About Race Officials

It’s easy to get involved as a race official. Check the specialties described below and pick one at which you’d like to try. Check the contacts page for the name and number of the chief of that specialty and call to let him or her know you like you’d like to work as an official. S/he will arrange for training for you at the next race event. (If a specialty does not have a chief, contact the Assistant R.E. Race Official.) All it takes to get started is to join the SCCA and sign up for a Regional (Novice) License. A Regional License is a sort of learning permit that allows you to participate in SCCA Club Racing events. As you gain knowledge and experience, you may wish to make the effort to upgrade to a Divisional License. A Divisional License allows you to participate in almost any club event or professional road race. The pinnacle of licensing is the National License. This license is reserved for officials and carries with it a significant burden of responsibility and leadership.

Race Official Specialties


These are the folks dressed in white, trackside at each turn. They use flags to inform drivers of track conditions, operate a race control radio net, and handle first response to incidents on track.


Starters handle the flags in the tower. They’re responsible for starting races, tracking progress and throwing the checkered flag at the finish.


The Pit Marshals control action in pit lane, serve as traffic cops during practice, qualifying, and race, and insure that conditions in the pits are safe, taking care of matters such as fire control.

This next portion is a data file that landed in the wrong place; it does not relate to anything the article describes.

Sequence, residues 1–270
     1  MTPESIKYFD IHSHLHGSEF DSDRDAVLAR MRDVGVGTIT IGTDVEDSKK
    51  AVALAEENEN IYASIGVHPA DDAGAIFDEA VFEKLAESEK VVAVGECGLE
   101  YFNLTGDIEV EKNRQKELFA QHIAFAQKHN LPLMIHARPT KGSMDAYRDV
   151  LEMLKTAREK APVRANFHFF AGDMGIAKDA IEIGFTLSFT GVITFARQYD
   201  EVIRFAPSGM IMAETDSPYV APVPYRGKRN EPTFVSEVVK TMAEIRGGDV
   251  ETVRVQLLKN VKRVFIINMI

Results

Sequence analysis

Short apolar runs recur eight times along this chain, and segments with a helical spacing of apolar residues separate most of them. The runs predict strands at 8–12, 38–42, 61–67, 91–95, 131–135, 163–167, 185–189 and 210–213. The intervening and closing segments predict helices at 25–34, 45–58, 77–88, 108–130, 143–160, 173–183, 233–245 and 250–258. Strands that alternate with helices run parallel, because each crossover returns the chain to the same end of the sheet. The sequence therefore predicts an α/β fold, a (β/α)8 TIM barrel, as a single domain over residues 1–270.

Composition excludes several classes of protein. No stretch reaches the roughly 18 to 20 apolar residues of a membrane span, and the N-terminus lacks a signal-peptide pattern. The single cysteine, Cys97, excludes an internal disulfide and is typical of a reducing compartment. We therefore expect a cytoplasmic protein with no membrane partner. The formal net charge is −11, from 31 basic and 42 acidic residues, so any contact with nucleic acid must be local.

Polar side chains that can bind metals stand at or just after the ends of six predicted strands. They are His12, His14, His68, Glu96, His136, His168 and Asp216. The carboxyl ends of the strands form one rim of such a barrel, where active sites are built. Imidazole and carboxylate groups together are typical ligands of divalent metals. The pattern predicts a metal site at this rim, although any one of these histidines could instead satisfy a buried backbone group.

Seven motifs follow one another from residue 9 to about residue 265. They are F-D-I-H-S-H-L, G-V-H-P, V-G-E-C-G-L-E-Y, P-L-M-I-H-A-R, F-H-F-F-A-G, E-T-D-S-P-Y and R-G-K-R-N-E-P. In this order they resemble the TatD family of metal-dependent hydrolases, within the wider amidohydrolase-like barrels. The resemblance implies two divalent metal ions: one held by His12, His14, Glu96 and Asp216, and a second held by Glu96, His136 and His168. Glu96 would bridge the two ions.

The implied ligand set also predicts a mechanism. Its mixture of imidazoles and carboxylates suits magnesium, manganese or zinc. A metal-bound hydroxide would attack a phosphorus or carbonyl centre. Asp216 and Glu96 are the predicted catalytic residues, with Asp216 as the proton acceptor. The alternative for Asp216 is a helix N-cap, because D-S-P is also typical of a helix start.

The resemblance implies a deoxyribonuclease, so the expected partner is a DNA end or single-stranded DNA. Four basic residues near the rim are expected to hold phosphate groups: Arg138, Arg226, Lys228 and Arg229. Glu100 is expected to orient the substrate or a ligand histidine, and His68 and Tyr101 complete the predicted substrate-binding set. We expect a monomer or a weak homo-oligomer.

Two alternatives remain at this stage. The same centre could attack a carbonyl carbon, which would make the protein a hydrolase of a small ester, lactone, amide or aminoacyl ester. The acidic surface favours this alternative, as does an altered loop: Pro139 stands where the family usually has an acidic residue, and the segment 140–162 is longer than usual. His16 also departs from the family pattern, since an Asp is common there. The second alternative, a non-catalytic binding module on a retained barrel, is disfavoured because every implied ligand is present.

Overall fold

The Paddock Marshall monitors activities in the paddock to ensure vehicles are legally parked, that race and non-race vehicles are driven safely, and watches for potential safety hazards in and around the garages.


The Grid Marshals place the cars in proper order for races and performs traffic control as cars are released to the track. They check driver safety gear and that cars permitted on track have passed inspection.


The Course Marshals maintain and deliver equipment to the corners and provide equipment and course support as needed during an event.


Timing & Scoring is one of the most challenging of specialties, responsible for determining lap times and track position. You have to actually see the T&S workers in action to realize all that they do tracking a race in progress.


Tech inspectors check cars for safety and rules compliance and ensure drivers¡¯ gear is in good condition. They manage impound, and verify that the top finishing cars are in legal racing condition.


Registrars sign everybody in and ensure racers have paid their entry fees. If you like working with people, this may be for you. You may work here in the morning and elsewhere in the afternoon.


Sound control is a little known but necessary specialty. Sound Control monitors all sessions on the track and assists cars that may violate rules governing sound levels.


Some highly experienced participants become stewards. Operating Stewards are responsible for overall management of a race. Stewards of the Meeting are responsible for judicial aspects of the event such as handling protests.